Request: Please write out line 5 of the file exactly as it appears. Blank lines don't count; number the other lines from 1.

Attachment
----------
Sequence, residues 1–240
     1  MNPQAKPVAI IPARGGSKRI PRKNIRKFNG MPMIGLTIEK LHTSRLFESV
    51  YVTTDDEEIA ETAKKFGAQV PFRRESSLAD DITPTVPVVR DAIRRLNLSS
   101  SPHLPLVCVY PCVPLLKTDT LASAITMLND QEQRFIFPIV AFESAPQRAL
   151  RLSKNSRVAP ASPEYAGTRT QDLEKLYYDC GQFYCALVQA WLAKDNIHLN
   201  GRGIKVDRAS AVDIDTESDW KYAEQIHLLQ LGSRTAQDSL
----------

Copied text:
   151  RLSKNSRVAP ASPEYAGTRT QDLEKLYYDC GQFYCALVQA WLAKDNIHLN